Friday, August 23, 2013

Cartoneros and Sustainability in Buenos Aires

A trip to see the inlaws in Buenos Aires, 5500 miles to the south as the 767 flies, offered a chance to check out various aspects of sustainability as practiced in Argentina. It must, of course, first be said that a red knot, the unassuming bird that makes a strategic stop in New Jersey each May on its yearly 9300 mile migration from the southern tip of Argentina up to the arctic, flies in a much more sustainable manner than a Boeing 767 jet. That said, here's what was witnessed.

As far as we could tell, separating of recyclables from trash is still not done by residents, but remains the job of "cartoneros", who nightly go through trash on the streets in search primarily of cardboard and paper. Plastic bottles take up too much space in the large bags they pull around, so generally go uncollected. The one change we noticed is that the trash put out for pickup is now placed in plastic dumpsters--several per block--which the cartoneros then pick through. They used to tear open plastic bags of trash left on the curb, which made a mess.

Each cartonero may have a different kind of rig to haul recyclables around, but the collective operation is much more organized than it appears.

Princeton's version of this takes the form of guys in old pickup trucks occasionally cruising residential streets in search of scrap. I can put metal objects out on the curb of busy Harrison Street and have them gone within an hour. We also have "gentleman scavengers"--residents who certainly could afford to buy what they need, but snatch up useful items left out for the trash, whether for the sport of it or an aversion to seeing good merchandise hauled off to the landfill.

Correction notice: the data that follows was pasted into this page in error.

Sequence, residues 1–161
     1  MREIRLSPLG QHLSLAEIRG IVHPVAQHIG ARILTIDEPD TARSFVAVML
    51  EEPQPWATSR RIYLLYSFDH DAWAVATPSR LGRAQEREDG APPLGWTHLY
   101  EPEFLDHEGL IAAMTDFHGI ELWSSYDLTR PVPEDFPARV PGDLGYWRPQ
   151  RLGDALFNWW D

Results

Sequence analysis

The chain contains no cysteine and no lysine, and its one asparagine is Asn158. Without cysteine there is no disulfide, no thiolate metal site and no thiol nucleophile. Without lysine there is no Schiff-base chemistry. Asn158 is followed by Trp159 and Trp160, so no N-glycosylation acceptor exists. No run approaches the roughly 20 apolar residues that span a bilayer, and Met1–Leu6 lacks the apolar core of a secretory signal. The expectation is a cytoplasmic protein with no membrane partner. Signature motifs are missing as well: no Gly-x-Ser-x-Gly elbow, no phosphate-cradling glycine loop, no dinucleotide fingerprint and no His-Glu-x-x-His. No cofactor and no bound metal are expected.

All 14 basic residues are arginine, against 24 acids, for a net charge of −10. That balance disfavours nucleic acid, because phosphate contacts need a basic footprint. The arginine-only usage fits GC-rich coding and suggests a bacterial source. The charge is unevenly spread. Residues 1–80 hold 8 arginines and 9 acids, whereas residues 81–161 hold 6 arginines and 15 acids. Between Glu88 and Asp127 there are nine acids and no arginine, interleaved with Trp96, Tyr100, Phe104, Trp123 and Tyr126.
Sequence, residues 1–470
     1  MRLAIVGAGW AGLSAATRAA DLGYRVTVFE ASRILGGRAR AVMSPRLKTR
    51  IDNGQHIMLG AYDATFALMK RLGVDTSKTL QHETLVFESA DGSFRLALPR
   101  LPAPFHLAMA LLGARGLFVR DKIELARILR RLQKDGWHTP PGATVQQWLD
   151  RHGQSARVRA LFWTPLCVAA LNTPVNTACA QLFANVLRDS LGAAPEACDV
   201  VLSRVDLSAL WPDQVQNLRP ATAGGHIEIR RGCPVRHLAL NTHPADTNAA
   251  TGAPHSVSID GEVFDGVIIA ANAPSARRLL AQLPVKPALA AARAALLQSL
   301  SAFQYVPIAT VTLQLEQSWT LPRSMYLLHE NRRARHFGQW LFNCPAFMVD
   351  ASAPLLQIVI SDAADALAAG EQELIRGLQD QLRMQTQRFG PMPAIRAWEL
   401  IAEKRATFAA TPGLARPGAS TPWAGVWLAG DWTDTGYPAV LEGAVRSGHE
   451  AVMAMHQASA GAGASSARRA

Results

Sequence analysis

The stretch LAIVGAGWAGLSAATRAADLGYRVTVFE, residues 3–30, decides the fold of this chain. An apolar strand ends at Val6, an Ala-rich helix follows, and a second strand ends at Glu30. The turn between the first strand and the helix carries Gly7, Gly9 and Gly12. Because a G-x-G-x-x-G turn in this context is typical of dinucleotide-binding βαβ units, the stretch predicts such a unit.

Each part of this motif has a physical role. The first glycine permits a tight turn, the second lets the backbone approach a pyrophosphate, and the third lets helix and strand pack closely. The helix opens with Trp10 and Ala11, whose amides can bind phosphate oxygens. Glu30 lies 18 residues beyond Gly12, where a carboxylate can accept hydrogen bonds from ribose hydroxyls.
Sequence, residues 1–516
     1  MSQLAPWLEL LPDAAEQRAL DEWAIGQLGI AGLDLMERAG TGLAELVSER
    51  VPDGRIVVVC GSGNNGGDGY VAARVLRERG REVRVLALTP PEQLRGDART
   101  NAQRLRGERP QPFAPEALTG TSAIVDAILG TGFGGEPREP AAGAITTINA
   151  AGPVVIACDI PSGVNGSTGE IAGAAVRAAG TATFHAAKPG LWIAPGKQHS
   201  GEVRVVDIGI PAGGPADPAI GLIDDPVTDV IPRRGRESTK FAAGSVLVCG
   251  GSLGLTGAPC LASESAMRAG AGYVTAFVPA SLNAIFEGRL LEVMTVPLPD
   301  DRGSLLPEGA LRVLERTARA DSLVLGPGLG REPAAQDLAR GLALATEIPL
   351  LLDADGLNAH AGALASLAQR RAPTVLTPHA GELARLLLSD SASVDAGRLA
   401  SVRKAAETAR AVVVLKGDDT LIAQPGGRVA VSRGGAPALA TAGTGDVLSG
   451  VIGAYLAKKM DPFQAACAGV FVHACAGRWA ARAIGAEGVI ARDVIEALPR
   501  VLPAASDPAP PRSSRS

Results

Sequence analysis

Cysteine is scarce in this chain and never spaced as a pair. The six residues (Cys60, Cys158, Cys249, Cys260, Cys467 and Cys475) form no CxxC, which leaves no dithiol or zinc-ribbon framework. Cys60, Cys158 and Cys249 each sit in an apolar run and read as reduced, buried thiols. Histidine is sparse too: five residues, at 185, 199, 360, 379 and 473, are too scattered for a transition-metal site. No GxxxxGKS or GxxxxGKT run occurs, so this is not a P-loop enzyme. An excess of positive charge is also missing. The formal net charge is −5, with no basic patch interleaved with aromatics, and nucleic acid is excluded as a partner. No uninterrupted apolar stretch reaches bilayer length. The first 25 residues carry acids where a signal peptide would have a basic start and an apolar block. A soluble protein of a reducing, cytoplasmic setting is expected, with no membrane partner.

Milk is irradiated, which means that it need not be refrigerated until opened. On this FDA webpage, I didn't find milk listed as approved for irradiation in the U.S.

Argentine homes are often heated not by forced air but by gas heaters in each room. The advantage is that only rooms being used need be heated, and one can get closer or farther from the heat according to one's preference.

One big change in Buenos Aires is the bike share program. Two-way bike lanes have been installed on one side of many streets, making it much easier for bicyclists to get around in this mostly flat city. In a moment of irony one evening, I was in the midst of a celebratory thought about the increase in bike use when I was struck by a bicyclist. We were a bit traumatized but unhurt. I think she was running a red light, but I could have been more observant. Bikes add one more thing to watch out for on the busy city streets.

Here's a bread-delivery vehicle.

I'm always checking out how small a tree other cities plant. With disease taking a toll on Princeton's street trees, and the devastating Emerald ash borer likely to soon begin claiming Princeton's most common tree, the ash, we may need to stretch dollars by planting smaller replacement trees than in the past.

Along Buenos Aires' central avenue, Nueve de Julio, with its obelisk and one side of a building devoted to the image of Eva Peron, grass is losing out to perennials (always a good sign). The central median, formerly verdant with trees like the Palo borracho (borracho means drunken, in reference to the trunk's bottle shape) have been cleared to make way for dedicated lanes for buses.

A similar post on sustainability in Mexico City can be found here.

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